I saw my friend, Laura, at the coffee shop this morning, and in our brief hey-how’s-it-going conversation we had at the counter she told me about how she just spent an hour trying to deal with all her email, and about how much she struggles with trying to stay on top of email.
This is the third time this week that the email thing has come up in casual conversation with friends. So I thought I’d write this post to help anyone who struggles with email. I used to struggle with it as much as everyone else until I figured out a good system.
First, the mindset. I could skip right to the technical how-to, but your underlying attitude about email has to change if you want these new habits to stick. Here’s what has to change in your brain, first:
1. Realize that your inbox is a very nicely organized space for other people’s agendas. If you don’t have any sort of task management system, your inbox might be the only automatically organized, easy to follow system that you look at every day. It looks like a to-do list. But your mailbox outside your front door isn’t a to-do list. It is, just like your email inbox, full of requests from people (bills to pay, mostly!). Yet, you don’t open up your physical letters and then stuff them back in, and then wake up every morning and look at them all again, and stuff them back in again, this time with more letters added to the pile.
You want to keep your inbox empty as much as possible. You want it’s natural state to be empty, and when it starts to fill up with email, you know it will be empty again soon. Once you experience the clear headedness that comes from an empty inbox, you’ll be addicted.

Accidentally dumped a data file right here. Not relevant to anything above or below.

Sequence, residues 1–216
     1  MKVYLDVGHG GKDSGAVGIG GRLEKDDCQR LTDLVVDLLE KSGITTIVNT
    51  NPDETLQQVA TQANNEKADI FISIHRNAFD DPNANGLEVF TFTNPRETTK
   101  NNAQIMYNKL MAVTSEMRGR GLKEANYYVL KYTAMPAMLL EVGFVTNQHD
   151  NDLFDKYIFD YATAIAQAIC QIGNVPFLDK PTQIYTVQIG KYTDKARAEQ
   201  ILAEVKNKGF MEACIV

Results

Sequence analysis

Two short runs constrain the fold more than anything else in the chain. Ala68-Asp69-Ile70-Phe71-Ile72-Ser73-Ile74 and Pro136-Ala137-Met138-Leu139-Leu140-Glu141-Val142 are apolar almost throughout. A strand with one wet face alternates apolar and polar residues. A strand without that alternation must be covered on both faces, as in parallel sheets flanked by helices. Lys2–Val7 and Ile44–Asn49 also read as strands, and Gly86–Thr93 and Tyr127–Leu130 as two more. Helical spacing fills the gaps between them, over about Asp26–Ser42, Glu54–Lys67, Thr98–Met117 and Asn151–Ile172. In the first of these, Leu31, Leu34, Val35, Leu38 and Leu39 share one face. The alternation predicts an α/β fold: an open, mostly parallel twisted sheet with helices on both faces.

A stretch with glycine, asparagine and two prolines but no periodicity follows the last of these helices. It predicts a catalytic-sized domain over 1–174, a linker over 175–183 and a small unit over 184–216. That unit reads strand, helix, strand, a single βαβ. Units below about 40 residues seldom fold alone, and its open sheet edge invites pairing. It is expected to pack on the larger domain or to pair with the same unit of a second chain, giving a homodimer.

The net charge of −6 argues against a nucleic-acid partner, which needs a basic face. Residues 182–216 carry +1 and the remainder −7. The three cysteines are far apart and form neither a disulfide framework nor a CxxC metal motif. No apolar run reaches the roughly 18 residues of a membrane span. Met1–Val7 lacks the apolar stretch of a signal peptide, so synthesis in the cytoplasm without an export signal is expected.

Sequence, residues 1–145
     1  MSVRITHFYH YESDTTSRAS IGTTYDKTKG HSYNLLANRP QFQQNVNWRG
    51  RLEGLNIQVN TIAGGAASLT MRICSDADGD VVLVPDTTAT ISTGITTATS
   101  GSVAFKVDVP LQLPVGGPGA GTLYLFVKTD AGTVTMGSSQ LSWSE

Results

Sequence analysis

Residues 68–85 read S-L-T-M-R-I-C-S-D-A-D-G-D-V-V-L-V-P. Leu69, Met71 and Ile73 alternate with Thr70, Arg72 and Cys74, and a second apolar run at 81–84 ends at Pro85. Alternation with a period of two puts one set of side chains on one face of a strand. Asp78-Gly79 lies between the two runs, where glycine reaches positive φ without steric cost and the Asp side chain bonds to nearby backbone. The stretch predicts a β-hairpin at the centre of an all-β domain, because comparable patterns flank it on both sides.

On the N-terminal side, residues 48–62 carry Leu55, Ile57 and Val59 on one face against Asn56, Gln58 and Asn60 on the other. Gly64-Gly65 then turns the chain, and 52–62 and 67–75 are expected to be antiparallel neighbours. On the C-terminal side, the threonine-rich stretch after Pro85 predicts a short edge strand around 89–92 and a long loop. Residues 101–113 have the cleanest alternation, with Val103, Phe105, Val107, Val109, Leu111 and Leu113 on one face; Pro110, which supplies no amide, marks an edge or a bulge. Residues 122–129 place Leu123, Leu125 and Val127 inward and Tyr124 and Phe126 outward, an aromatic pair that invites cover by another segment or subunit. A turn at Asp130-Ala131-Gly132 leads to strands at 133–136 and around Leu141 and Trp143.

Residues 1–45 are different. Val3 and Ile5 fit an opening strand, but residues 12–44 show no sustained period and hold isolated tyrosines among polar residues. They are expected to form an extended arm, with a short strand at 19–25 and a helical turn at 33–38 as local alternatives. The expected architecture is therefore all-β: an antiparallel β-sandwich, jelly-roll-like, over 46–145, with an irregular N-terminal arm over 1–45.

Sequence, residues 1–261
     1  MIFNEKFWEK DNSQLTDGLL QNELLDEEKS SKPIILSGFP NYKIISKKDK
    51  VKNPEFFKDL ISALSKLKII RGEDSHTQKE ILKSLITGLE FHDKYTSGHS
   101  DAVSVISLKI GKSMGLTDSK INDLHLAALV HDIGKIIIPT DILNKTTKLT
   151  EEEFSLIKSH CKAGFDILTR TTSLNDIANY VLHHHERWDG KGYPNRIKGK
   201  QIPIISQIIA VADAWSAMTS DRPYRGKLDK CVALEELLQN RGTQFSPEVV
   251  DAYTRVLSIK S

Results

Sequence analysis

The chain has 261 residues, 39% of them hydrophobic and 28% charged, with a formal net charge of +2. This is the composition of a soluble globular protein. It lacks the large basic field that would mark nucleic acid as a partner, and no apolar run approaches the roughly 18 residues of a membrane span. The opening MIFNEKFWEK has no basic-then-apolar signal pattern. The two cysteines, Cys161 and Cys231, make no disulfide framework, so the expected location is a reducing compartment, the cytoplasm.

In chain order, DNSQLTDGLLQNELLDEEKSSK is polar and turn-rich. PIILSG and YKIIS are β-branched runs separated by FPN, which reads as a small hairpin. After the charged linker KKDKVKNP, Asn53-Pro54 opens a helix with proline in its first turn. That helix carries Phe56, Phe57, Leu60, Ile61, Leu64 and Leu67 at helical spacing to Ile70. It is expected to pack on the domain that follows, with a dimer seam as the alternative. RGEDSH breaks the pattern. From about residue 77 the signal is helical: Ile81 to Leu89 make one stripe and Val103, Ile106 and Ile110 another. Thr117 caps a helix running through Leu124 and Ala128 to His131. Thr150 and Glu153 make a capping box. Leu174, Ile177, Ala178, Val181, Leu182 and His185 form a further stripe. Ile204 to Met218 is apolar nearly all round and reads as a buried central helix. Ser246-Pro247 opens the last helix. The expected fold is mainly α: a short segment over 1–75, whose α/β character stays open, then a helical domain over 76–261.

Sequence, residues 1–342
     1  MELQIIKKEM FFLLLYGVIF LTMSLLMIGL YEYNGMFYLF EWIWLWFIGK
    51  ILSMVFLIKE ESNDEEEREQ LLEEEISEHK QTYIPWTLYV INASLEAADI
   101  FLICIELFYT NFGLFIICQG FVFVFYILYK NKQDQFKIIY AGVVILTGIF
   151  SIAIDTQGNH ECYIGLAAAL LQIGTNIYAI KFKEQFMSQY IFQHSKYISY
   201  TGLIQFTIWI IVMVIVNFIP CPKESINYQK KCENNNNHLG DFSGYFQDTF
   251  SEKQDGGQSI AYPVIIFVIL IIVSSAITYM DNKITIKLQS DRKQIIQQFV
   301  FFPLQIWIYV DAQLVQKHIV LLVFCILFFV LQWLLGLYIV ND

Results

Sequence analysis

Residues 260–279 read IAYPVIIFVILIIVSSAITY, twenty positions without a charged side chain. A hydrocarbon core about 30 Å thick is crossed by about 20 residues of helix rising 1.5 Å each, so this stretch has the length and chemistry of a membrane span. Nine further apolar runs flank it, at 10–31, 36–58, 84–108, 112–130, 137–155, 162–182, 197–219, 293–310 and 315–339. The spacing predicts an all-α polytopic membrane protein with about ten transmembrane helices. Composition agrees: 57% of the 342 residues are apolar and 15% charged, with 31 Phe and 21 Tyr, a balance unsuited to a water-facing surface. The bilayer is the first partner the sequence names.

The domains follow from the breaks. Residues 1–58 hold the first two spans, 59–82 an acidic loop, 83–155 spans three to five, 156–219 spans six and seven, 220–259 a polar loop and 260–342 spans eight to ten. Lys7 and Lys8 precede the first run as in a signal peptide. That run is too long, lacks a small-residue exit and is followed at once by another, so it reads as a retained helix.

2. Value your own time enough to not tolerate constant interruptions (the ones that you have control over, anyway). Turn off notifications. Turn of the auditory notifications: the beeps, dings, bells, buzzes. Turn off the visual notifications: the badge or any other sort of visual thing that you let interrupt you.
3. Never start your day with email. At least give yourself 30 minutes right when you wake up before you open your email. That way you’re training your brain to put your own priorities first, rather than reacting to everyone else’s priorities.
I stay away from my email until I finish my whole morning routine. I won’t get into my morning routine here. That could be a whole other blog post. For now, just think about something important you can do first thing in the morning before you check email.
Now, the technical stuff.
First, take 2 minutes to set-up the following two things…
1. Set up 2 Folders: “Archive” Folder and “Receipts” Folder – These are the only two folders I use. I’ll explain how I use them in a minute, but first just create two folders with these names.
2. Get a pen and a piece of paper. You can get fancy with a task management system if you want, but pen and paper is all you need.
Okay, so now you have an inbox full of email, a couple empty folders created (one called ARCHIVE, the other called RECEIPTS). You’re ready to go through the process I use to manage my email. I do this once a week.
MY 3 STEP WEEKLY EMAIL PROCESS
- DO SOMETHING!
Note: If you have thousands of emails, this could take a while. I’d get a coffee and put on some music first. Once you’re doing this on a weekly basis, it should only take about 30 minutes.